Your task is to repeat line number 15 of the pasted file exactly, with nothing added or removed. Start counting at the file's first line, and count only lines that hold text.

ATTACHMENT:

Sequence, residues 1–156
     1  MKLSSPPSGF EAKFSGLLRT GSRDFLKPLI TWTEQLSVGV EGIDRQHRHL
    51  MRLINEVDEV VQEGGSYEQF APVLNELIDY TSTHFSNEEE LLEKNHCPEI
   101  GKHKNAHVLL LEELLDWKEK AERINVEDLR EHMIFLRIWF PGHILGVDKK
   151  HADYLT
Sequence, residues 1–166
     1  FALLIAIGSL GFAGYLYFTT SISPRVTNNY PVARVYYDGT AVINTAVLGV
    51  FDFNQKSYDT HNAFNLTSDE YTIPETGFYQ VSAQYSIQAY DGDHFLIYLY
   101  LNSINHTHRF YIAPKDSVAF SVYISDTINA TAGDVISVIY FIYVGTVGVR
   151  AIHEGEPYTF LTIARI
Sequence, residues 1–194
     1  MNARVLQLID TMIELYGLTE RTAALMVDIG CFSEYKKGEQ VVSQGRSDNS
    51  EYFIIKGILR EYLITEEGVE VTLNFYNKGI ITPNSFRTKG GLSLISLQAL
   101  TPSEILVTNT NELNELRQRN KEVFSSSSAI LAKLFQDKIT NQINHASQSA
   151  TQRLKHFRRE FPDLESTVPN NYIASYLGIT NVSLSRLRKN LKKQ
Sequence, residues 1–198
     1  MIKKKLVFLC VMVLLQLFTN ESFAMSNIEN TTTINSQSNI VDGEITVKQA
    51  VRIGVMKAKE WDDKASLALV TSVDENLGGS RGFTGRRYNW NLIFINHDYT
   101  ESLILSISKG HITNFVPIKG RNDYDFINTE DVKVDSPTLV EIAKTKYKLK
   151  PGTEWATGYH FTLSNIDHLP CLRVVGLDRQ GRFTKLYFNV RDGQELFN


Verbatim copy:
   151  TQRLKHFRRE FPDLESTVPN NYIASYLGIT NVSLSRLRKN LKKQ